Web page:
by any means


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mean 1

 (mēn)
v. meant (mĕnt), mean·ing, means
v.tr.
1.
a. To be used to convey; denote: "'The question is,' said Alice, 'whether you can make words mean so many different things'" (Lewis Carroll).
b. To act as a symbol of; signify or represent: In this poem, the budding flower means youth.
2. To intend to convey or indicate: "No one means all he says, and yet very few say all they mean, for words are slippery and thought is viscous" (Henry Adams).
3. To have as a purpose or an intention; intend: I meant to go running this morning, but I overslept.
4. To design, intend, or destine for a certain purpose or end: a building that was meant for storage; a student who was meant to be a scientist.
5. To have as a consequence; bring about: Friction means heat.
6. To have the importance or value of: The opinions of the critics meant nothing to him. She meant so much to me.
v.intr.
To have intentions of a specified kind; be disposed: They mean well but lack tact.
Idiom:
mean business Informal
To be in earnest.

[Middle English menen, from Old English mǣnan, to tell of; see mei-no- in Indo-European roots.]

mean 2

 (mēn)
adj. mean·er, mean·est
1.
a. Lacking in kindness; unkind: The teacher was not being mean in asking you to be quiet.
b. Cruel, spiteful, or malicious: a mean boy who liked to make fun of others.
c. Expressing spite or malice: gave me a mean look.
d. Tending toward or characterized by cruelty or violence: mean streets.
e. Extremely unpleasant or disagreeable: the meanest storm in years.
2. Ignoble; base: a mean motive. See Synonyms at base2.
3. Miserly; stingy: mean with money.
4.
a. Low in value, rank, or social status: "I preferred the condition of the meanest reptile to my own" (Frederick Douglass).
b. Common or poor in appearance; shabby: "The rowhouses had been darkened by the rain and looked meaner and grimmer than ever" (Anne Tyler).
5. Slang
a. Hard to cope with; difficult or troublesome: He throws a mean fast ball.
b. Excellent; skillful: She plays a mean game of bridge.

[Middle English, from Old English gemǣne, common; see mei- in Indo-European roots.]

mean′ness n.

mean 3

 (mēn)
n.
1. Something having a position, quality, or condition midway between extremes; a medium.
2. Mathematics
a. A number that typifies a set of numbers, such as a geometric mean or an arithmetic mean.
b. The average value of a set of numbers.
3. Logic The middle term in a syllogism.
4. means(used with a sing. or pl. verb) A method, a course of action, or an instrument by which an act can be accomplished or an end achieved.
5. means(used with a pl. verb)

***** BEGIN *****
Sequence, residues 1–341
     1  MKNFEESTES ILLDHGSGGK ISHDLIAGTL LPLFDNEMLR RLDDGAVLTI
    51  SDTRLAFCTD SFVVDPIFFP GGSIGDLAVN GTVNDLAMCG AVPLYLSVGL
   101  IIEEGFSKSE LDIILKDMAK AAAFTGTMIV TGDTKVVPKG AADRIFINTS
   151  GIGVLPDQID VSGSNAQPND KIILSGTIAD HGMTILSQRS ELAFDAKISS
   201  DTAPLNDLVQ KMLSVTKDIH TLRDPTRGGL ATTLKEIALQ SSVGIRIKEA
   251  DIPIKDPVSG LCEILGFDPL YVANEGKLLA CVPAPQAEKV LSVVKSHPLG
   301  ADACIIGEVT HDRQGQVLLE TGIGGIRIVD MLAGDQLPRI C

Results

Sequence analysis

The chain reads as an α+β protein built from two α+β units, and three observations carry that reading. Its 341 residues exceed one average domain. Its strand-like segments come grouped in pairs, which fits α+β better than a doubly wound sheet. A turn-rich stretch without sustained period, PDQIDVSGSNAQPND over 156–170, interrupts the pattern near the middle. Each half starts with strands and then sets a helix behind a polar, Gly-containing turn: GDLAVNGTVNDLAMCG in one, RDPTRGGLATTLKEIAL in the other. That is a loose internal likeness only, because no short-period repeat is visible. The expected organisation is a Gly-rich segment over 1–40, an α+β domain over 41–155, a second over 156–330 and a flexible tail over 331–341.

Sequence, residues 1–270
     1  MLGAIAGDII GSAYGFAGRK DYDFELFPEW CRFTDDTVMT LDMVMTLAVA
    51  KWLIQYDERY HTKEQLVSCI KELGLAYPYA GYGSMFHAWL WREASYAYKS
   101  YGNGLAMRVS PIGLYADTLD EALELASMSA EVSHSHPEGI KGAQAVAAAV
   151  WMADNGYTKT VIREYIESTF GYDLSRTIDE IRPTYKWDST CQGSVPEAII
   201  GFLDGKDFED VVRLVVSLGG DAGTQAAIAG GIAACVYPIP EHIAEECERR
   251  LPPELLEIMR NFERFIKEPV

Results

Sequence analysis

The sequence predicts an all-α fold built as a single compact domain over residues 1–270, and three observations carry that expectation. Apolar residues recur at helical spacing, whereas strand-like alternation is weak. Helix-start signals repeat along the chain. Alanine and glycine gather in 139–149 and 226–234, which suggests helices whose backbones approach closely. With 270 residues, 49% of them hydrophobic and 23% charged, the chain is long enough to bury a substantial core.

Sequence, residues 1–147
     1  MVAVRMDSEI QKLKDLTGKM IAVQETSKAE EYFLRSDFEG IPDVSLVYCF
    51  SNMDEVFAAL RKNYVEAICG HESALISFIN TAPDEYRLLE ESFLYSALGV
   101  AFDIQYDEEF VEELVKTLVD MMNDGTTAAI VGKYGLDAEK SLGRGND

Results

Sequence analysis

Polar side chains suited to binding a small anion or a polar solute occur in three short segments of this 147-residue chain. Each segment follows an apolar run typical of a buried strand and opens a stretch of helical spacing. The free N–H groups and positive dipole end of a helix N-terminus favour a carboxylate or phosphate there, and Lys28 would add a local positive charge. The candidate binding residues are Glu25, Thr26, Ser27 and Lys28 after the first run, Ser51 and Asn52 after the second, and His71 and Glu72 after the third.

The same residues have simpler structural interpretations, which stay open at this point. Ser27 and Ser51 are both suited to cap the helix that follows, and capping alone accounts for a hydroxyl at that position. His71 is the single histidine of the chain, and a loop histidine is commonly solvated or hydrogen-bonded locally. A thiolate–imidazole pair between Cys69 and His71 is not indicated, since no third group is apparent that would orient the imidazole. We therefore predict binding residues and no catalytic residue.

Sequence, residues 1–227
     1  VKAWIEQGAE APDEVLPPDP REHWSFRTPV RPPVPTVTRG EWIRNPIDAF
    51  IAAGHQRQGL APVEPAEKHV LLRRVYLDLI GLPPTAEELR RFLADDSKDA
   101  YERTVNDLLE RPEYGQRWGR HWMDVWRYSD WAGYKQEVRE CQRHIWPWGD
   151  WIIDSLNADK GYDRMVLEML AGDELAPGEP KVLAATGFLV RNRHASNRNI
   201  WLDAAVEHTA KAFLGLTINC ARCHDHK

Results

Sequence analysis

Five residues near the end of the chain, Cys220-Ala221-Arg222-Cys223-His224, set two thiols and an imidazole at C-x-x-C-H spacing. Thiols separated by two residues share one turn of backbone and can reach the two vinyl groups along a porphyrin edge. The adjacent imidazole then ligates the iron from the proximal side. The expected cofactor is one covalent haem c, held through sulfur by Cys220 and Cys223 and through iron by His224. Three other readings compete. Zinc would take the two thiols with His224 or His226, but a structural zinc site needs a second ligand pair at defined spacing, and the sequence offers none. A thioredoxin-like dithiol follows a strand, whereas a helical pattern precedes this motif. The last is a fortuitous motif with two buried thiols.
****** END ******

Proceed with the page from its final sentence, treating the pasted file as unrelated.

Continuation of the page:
a. Money, property, or other wealth: You ought to live within your means.
b. Great wealth: a woman of means.
adj.
1. Occupying a middle or intermediate position between two extremes.
2. Intermediate in size, extent, quality, time, or degree; medium.
Idioms:
by all means
Without fail; certainly.
by any means
In any way possible; to any extent: not by any means an easy opponent.
by means of
With the use of; owing to: They succeeded by means of patience and sacrifice.
by no means
In no sense; certainly not: This remark by no means should be taken lightly.

[Middle English mene, middle, from Old French meien, from Latin mediānus, from medius; see medhyo- in Indo-European roots.]
Usage Note: In the sense of "financial resources" means takes a plural verb: His means are more than adequate. In the sense of "a way to an end," means may be treated as a singular or plural. It is singular when referring to a particular strategy or method: The best means of securing the cooperation of the builders is to appeal to their self-interest. It is plural when it refers to a group of strategies or methods: The most effective means for dealing with the drug problem have often been those suggested by the affected communities. · Means is most often followed by of: a means of noise reduction. But for, to, and toward are also used: a means for transmitting sound; a means to an end; a means toward achieving equality.
ThesaurusAntonymsRelated WordsSynonymsLegend:
Adv.1.by any means - in any way necessary; "I'll pass this course by hook or by crook"
References in classic literature ?
I said,' was the reply, made with that former gleam of determination, 'that I would find her out by any means, fair or foul.
by any means : in any way <I was not a good student by any means.